Trust a cool, stylish British lady to create equally chic footwear and accessories that appeal to consumers. We sat down with Rebecca Farrar-Hockley, creative director of Kurt Geiger, ahead of its new store opening in Times Square.

She reveals her inspirations, her top British style icons and how many pairs of shoes the self-proclaimed ‘shoeaholic’ owns.

Can you describe your design philosophy?
Create what you love, analyse what the customers like and do not like in that season – because I think they tell you what to do. Another thing is that, if I am not sure, I will never put it in the collection. I have to be certain.

How do you balance aesthetics and comfort when designing?
I’m lucky that I have sample-size feet, so I can try every shoe on – and that’s really important to me. We work quite hard on extra padding, and try to make a pair of high heels as comfortable as they can be.  It’s about balance, isn’t it? No girl wants a shoe to look ugly. She wants it to be as comfortable as possible. So we use amazing materials and breathable fabrics, and [we] make sure the pitch of the heels is perfect for how the bones and the feet align.

Where do you find inspirations for your design?
I travel all the time – every other week. I’ll be in Milan, Paris, Florence, New York, Hong Kong and Shanghai. I photograph and look at people. I don’t ever seem to run out of ideas.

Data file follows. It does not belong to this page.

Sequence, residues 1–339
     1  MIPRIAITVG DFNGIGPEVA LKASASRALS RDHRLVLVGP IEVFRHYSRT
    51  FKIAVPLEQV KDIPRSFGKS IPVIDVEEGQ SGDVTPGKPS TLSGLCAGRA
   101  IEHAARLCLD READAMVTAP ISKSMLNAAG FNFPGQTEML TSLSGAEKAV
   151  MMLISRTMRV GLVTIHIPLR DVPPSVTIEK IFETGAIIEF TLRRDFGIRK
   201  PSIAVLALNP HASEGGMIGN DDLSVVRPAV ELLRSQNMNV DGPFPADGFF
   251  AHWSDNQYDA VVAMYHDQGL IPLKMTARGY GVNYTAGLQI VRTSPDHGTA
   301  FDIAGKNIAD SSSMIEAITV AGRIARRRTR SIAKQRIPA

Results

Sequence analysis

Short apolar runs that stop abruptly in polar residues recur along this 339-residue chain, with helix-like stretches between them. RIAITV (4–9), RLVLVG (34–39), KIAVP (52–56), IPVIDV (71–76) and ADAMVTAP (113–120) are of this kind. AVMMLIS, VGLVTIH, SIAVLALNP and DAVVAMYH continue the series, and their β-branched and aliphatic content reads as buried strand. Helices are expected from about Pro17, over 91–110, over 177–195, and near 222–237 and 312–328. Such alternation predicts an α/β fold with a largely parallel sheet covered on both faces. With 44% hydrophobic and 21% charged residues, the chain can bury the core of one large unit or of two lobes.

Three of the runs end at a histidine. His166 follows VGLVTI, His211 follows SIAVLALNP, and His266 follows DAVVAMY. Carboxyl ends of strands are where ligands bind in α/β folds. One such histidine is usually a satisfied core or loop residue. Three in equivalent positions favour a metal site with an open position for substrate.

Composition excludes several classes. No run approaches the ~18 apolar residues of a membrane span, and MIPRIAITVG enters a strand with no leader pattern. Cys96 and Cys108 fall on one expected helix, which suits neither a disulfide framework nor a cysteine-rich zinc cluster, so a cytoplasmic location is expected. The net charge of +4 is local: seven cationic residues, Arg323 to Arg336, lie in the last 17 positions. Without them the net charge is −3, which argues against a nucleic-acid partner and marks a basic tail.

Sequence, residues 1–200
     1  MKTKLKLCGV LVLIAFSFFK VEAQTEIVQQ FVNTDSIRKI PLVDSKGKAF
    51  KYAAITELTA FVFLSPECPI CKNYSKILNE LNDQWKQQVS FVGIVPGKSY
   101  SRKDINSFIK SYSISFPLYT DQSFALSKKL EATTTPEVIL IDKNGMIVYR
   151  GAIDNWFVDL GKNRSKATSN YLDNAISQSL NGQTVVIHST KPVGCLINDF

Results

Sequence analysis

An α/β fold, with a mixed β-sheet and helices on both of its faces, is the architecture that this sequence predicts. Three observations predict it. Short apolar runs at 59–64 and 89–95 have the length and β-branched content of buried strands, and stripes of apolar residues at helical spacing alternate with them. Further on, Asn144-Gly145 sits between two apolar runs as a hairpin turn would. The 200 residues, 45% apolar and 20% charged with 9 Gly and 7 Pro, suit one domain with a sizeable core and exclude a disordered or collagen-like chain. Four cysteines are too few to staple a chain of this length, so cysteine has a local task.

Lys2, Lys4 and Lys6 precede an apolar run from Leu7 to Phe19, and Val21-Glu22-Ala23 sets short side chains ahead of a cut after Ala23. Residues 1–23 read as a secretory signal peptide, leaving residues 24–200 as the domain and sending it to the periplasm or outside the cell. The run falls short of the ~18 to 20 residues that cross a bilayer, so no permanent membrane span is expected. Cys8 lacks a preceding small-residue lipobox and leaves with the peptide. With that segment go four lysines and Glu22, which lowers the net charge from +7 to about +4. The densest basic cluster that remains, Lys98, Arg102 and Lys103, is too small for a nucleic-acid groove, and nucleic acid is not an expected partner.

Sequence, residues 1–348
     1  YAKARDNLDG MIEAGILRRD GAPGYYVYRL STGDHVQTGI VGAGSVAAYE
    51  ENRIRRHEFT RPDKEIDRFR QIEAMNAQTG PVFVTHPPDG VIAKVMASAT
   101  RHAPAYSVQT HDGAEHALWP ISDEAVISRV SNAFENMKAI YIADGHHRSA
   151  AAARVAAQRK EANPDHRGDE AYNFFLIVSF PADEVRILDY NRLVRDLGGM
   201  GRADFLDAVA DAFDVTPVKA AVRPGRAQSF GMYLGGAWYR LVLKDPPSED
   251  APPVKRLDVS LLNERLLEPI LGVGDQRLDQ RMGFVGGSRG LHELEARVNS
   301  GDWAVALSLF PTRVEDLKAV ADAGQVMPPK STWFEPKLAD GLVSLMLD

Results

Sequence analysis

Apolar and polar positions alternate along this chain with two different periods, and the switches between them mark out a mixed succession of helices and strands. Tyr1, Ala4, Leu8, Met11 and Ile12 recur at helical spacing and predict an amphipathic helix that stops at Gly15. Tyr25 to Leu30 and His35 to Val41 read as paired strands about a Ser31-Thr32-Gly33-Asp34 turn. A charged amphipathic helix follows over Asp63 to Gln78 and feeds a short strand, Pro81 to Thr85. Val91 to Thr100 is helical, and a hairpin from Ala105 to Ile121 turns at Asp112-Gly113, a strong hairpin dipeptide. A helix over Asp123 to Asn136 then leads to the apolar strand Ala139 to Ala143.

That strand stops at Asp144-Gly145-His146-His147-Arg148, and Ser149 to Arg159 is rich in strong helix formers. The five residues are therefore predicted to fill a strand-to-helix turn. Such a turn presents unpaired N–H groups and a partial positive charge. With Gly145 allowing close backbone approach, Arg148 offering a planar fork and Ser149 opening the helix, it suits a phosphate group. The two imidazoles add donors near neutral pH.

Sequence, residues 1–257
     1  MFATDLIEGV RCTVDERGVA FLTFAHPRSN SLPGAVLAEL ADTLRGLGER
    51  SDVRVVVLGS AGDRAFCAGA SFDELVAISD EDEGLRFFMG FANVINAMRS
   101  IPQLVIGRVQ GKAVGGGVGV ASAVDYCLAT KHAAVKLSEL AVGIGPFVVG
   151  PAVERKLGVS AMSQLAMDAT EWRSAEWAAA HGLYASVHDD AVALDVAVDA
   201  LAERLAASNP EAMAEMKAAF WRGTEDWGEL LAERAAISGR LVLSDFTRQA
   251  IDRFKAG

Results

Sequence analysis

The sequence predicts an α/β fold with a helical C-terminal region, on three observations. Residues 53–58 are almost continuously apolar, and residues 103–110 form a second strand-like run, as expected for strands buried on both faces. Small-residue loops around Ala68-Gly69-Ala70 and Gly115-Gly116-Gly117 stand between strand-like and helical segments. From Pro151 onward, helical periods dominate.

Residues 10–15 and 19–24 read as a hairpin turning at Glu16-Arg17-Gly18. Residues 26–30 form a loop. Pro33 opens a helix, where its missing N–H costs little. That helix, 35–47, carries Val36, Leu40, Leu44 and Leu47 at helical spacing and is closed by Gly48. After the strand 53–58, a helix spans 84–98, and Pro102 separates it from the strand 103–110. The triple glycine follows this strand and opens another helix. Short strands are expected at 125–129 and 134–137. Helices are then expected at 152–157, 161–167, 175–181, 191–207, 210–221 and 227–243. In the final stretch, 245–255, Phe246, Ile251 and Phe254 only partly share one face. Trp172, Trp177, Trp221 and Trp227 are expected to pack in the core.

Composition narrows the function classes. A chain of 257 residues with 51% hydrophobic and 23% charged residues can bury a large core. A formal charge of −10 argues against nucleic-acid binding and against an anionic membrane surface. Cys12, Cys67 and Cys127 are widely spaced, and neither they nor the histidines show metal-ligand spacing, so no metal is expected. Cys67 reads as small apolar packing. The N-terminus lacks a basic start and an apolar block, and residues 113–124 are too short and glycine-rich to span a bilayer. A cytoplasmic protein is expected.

As a quintessentially British brand, is there a British “it” girl or style icon you have in mind when designing?
Kate Moss is definitely one. She is a mix of good and bad girls, which is very much a part of our design philosophy. I’ve  always liked that sort of rock ‘n’ roll, therefore I like Kate very much. Alexa Chung is another [icon]. I like Alexa’s chic and understated style – and she’s got amazing legs for shoes. She has the longest skinniest legs you have ever seen. Sienna Miller would be a third inspiration. There really are plenty of style icons from Britain.

You’re launching a childrenswear line soon. How is that different from designing for adults?
Yes! It’ll be launched in spring. It’s a lot of “mini me” versions of our iconic shoes – without the heels, of course. There will be lots of quintessentially British items, for example, Mary James, Little Chelsea boots, and colour is a big theme, and also quite a bit of novelty. The “mini me” concept is my biggest challenge at the moment, but it’s surprisingly not so different [from designing adults’ shoes]. I had lots of little children in the studio last week to see what they thought and they loved it – so I’m excited!

What are some trends in footwear and accessories next season?
For spring, it will be boots in general – ankle boots. Actually, they will also be massive for autumn and winter. Others will be fur, velvet and tan, brown or chocolate colour.

Which is your must-have shoe for the season?
For winter and fall, it has to be a pair of thigh-high boots – not just over-the-knee but those that go all the way up to the top of your leg. As a petite girl myself, I used to think those aren’t in short girls’ realms, but I was wrong. We can also look amazing in them.

How many pairs of shoes do you personally own?
Honestly? I have more than 500 pairs … I switch every season and some of them go into archives.